Let's be blunt: If John McCain wins the election and drops dead during his first year in office, someone not very experienced will become president. But the same is true if Barack Obama wins the election and doesn't drop dead during his first year in office.
As a change of pace, today's column will adopt a more even-handed approach to the coming presidential election.
Instead of criticizing just one camp, I will try to spread the love around concerning the trademark candidacies of Republicans John McCain ("Yesterday's Man for Tomorrow's Problems") and Sarah Palin ("A Moose in Every Pot").
Neither John McCain nor his running mate Sarah Palin is capable of running a large business, one of the Republican presidential candidate's top economic advisors said Tuesday.
Democratic presidential candidate Barack Obama's health care plan would cost too much and create more regulation, while Republican John McCain's plan would leave 60 million Americans without health insurance and reduce coverage, experts said on Tuesday.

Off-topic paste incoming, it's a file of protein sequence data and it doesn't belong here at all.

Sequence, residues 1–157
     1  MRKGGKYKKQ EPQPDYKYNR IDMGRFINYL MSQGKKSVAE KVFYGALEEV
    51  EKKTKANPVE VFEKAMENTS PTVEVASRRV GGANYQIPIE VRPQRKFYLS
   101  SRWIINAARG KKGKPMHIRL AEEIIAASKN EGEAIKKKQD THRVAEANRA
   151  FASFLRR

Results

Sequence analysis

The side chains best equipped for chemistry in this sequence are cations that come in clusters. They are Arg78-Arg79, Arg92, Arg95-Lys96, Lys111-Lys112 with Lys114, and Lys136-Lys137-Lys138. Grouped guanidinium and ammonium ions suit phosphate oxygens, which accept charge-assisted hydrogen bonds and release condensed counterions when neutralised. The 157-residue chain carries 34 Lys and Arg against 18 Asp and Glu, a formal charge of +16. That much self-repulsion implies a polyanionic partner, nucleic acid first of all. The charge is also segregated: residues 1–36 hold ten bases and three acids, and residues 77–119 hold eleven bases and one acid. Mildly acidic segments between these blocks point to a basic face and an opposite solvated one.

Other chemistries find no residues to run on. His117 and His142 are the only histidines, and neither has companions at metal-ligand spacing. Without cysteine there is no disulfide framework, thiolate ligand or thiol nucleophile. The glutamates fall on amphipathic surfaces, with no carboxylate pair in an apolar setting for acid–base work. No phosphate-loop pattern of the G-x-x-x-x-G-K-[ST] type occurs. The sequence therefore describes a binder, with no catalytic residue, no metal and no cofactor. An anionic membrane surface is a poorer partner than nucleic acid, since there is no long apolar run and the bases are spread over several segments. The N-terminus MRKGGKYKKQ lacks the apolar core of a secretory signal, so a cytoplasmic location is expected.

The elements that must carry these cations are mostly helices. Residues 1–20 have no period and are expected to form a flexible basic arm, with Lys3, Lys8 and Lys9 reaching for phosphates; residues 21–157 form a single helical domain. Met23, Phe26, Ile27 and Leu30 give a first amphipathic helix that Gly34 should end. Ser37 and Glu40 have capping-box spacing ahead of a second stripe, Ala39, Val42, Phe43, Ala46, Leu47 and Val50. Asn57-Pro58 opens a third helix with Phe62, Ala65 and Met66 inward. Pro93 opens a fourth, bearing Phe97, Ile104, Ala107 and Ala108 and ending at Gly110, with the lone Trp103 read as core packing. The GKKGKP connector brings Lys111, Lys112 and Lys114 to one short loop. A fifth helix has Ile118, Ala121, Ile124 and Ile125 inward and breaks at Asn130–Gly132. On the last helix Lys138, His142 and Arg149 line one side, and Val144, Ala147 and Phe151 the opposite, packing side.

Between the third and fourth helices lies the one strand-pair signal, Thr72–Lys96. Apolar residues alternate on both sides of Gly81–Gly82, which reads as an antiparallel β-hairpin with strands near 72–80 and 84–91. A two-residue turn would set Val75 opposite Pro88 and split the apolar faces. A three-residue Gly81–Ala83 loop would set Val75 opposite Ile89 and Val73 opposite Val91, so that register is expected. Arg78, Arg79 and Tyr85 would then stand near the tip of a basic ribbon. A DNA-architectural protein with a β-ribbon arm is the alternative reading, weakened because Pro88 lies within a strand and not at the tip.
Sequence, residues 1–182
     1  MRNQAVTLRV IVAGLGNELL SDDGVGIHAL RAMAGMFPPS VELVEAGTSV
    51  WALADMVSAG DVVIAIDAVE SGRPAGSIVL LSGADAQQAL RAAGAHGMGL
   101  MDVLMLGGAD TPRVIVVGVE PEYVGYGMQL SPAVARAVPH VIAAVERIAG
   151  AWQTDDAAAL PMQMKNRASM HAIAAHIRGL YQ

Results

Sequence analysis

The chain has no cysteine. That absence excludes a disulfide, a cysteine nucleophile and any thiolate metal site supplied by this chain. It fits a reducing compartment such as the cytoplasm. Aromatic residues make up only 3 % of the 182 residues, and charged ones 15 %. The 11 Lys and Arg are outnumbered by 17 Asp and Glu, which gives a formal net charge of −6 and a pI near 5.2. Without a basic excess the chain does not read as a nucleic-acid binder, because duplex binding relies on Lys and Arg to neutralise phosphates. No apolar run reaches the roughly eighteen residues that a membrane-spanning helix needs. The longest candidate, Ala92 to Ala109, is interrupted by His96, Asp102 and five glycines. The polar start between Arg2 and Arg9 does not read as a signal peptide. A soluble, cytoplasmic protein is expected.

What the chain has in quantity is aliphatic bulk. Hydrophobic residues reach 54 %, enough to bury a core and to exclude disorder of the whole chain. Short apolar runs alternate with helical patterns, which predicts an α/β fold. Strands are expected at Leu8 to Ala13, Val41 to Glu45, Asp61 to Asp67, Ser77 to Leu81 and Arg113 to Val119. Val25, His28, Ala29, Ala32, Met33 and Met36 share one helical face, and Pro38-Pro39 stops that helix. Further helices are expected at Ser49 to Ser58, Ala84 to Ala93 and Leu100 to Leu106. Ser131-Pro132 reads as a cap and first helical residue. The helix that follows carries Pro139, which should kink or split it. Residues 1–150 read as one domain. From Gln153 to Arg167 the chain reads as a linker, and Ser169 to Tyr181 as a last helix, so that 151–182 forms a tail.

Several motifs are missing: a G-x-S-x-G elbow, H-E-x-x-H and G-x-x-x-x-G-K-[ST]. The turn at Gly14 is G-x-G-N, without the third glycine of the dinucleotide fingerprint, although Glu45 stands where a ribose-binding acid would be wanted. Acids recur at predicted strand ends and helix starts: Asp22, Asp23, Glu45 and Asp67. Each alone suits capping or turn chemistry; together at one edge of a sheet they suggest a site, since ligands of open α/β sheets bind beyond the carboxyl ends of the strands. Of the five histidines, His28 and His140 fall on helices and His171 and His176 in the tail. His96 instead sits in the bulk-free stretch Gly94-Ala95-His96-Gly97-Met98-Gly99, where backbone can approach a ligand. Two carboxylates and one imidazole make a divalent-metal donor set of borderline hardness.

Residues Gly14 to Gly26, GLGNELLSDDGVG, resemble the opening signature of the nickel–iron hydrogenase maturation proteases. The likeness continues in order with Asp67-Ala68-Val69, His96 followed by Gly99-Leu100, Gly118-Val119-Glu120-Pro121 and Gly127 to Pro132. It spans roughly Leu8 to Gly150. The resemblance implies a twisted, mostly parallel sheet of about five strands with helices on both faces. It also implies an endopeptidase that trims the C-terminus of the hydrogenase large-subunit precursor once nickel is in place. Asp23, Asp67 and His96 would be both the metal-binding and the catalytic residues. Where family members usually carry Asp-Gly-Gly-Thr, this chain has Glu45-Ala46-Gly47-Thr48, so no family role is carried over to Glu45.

Neither plan would fully fix the broken U.S. health care system, the separate teams of experts concluded in the journal Health Affairs.
John McCain has worked himself back into a tight race with Barack Obama in Wisconsin, a state that Democrats had hoped would be a stronghold for the Illinois senator.
Alaska's investigation into whether Gov. Sarah Palin abused her power, a potentially damaging distraction for John McCain's presidential campaign, ran into intensified resistance Tuesday when the attorney general said state employees would refuse to honor subpoenas in the case.
GOP vice presidential candidate Sarah Palin is effectively turning over questions about her record as Alaska's governor to John McCain's political campaign, part of an ambitious Republican strategy to limit any embarrassing disclosures and carefully shape her image for voters in the rest of the cou
It's time to tell two truths about Big Lie politics -- and one about the news media, whose job is to make sure that you are not deceived by the lies.
White House candidates Barack Obama and John McCain promised on Monday to move quickly to reform Wall Street, with both blaming an antiquated regulatory structure for the financial meltdown.
A sudden surge in advertising by outside groups is rapidly filling the airwaves and cable channels with unflattering portrayals of Democrat Barack Obama and Republican John McCain as their presidential contest enters its final seven weeks.